• Dawn writes 3 letters in 3 weeks to the owner of the lot, gets no response, and assumes the guy doesn’t care. It must be her age, because 3 weeks seems like no time at all. I wouldn’t even write a second letter until then. But time did seem to go slower as a kid.

  • Some good news does come from Stoneybrook…Peaches is pregnant, and they waited until she was almost six months along to tell people this time. Good for her, I guess.

  • I remembering liking that when these books were coming out, they were more continuous/sequential….this book took place in early January, the one before it was Christmas-themed, the one before that was Thanksgiving-themed, etc. They were like that at the beginning of the series, but then they fell into an ambiguous time loop.

  • Dawn writes letters to the owner of the lot in Tucson, where he lives. When the guy finally shows up, he tells her that he’d been out of town and came by as soon as he got the letters (that morning). But if he got “home” that day, he would have been in Arizona and anywhere near Dawn’s neighborhood.

  • So, Dawn let all the neighborhood kids and parents think that she’d gotten the okay from the owner to turn his lot into a garden, and they all help out and donate supplies. When the owner shows up he tells her that he now owns everything they put into it, and points out he could sell it or bulldoze the lot, and Dawn has no control over that….but of course he doesn’t do either of those things.

  • I don’t have an issue with them cleaning up the garbage without permission, but planting a garden and talking about a gazebo so seems over the top.

  • The California plot does serve some purpose, because it’s what gives Mary Anne the idea to use a garden to memorialize Amelia. She wasn’t sure how to do it originally.

Tuesday, October 18, 2011

“Had they all bought the bogus study guides too?”…..BSC # 96: Abby’s Lucky Thirteen

Memory Reaction

I remember a scene in this one where Abby’s mom catches her eating at a pizza place during school hours, by seeing her through the window. Only, her mom’s not catching her cutting school, she’s finding out that Abby was suspended. I think it stuck in my head so much because these girls were usually pretty “good,” and Abby getting suspended seemed like a big deal. That may also be because I was a total goody-goody as a kid…..I was always fascinated to hear exactly what happened to people who were tough enough to break the rules.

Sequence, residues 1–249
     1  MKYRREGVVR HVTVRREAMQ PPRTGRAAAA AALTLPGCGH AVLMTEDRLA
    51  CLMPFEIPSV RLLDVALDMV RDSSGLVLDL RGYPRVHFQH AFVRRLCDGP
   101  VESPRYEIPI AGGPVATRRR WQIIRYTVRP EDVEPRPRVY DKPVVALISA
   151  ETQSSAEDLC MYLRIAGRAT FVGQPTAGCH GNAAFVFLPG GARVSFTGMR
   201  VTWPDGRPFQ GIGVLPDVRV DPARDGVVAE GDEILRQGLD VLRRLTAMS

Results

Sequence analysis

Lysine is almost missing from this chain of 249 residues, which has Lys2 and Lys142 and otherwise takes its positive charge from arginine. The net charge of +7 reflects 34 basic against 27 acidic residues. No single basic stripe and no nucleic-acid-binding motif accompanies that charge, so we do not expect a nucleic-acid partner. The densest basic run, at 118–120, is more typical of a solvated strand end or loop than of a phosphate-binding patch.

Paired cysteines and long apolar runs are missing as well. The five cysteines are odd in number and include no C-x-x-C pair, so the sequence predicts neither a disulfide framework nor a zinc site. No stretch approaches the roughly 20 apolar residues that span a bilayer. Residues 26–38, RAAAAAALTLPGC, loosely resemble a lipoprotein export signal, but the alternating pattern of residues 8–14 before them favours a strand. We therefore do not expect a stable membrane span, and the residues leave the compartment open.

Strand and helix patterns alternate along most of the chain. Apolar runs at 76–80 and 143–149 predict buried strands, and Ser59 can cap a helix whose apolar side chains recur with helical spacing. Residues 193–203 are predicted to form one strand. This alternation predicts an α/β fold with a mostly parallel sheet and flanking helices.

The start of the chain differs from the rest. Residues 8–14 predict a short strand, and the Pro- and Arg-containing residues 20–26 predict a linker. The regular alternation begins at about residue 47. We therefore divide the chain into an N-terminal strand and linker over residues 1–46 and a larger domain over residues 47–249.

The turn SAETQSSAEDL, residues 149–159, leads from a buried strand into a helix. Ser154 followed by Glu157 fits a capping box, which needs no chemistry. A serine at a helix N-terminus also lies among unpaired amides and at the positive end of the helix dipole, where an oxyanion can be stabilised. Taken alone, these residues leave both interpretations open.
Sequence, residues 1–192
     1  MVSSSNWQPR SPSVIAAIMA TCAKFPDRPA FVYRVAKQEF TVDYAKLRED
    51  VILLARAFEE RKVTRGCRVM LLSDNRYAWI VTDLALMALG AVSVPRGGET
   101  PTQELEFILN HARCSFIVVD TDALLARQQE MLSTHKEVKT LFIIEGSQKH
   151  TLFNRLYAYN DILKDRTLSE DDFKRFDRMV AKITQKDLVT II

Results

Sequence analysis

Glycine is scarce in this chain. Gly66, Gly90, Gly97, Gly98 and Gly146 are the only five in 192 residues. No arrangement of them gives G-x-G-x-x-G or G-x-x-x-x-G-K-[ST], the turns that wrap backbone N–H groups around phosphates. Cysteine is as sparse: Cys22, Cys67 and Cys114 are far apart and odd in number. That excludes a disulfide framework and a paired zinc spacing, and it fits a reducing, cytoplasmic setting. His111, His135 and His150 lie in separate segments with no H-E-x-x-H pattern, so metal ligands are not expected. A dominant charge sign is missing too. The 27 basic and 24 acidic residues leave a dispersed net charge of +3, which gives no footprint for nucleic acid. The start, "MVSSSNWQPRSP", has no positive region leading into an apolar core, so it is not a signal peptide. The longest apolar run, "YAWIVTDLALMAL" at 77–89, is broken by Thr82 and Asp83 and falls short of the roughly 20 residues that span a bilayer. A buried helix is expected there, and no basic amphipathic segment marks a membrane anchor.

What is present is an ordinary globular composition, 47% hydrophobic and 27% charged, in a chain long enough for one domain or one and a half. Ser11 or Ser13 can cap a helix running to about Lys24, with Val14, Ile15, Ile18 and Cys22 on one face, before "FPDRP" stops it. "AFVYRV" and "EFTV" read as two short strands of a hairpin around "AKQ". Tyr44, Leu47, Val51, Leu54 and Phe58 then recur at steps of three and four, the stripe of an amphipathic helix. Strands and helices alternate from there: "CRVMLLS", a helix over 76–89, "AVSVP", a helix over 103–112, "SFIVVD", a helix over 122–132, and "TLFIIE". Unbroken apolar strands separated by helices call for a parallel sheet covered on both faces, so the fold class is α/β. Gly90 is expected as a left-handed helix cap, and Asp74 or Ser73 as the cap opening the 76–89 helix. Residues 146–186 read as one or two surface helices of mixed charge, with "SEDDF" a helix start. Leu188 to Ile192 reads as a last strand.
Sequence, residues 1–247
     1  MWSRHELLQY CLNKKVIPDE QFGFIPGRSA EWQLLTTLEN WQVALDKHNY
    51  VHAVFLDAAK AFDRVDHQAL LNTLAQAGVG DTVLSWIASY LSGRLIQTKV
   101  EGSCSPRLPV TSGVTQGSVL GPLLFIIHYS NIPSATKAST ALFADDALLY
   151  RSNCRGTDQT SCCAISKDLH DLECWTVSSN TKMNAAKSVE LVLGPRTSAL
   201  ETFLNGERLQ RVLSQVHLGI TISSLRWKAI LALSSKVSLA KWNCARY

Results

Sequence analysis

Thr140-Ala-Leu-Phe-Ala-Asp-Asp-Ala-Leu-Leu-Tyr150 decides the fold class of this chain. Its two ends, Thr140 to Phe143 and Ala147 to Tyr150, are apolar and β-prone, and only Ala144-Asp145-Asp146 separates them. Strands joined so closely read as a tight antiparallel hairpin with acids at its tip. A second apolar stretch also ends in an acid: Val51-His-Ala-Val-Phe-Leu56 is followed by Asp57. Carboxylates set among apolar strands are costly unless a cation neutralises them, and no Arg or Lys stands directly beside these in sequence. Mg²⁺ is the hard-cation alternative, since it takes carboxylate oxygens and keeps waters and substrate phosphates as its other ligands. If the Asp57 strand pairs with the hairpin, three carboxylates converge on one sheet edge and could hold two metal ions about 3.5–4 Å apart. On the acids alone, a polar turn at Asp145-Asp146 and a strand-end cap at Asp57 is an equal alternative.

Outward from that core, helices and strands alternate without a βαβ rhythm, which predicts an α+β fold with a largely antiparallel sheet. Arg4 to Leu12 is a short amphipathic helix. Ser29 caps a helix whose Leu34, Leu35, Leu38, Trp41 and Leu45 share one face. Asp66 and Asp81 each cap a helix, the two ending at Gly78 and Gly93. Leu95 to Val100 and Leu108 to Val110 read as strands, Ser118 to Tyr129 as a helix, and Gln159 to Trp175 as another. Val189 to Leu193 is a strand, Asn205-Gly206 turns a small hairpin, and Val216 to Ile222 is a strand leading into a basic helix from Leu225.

Revisited Reaction

Abby’s Bat Mitzvah’s coming up, so she’s busy studying to get ready for it. Or, she should be studying for it, but has been procrastinating. She also somehow forgot about a math test that will be 25% of her grade, until the day before. She’s freaking out about it, then is relieved when some guy offers to sell her a “study guide.” She’s a bit desperate, so she buys it without thinking that this guide may not be on the up-and-up.

Anyway, the next day Abby comes in prepared to take the test and is shocked to see that the test has the exact same questions as her study guide. Imagine that! But she isn’t sure what to do about it, so she takes the test and gets a 98. The two points off were something that was wrong on the study guide, and when five students make this same mistake (and only that mistake), the teacher realizes something’s up. She suspends all of them for three days. Abby tries to explain what happened, but when Abby says she doesn’t know the name of the guy who sold her the test, the teacher doesn’t buy it.

Abby manages to keep this from her mother by deleting the voicemail and taking the letter out of the mail. It’s especially hard though, because her mom took off from work to get ready for the Bat Mitvah party. She ends up hanging out in the town library all day, trying to catch up on school and study the Torah passage she needs to read at the Bat Mitzvah. But on the last day, she decides to go shopping and her mother sees her through the window of the pizza place. The whole story comes out and her mom’s pissed, but lets her off relatively easy.

When she’s back in school, Abby sees the same guy selling a study guide to Mary Anne….Abby goes over and tells Mary Anne what happened. Then they go to talk to the teacher, who believes them this time because Mary Anne can give the guys name. I’m sure the fact that Mary Anne’s a good student played a role as well. The teacher offers to give Abby a re-take of the test, so the whole thing’s settled before Mrs. Stevenson can talk to the teacher herself. And the whole thing inspires Abby for the speech she needs to give for her Bat Mitzvah.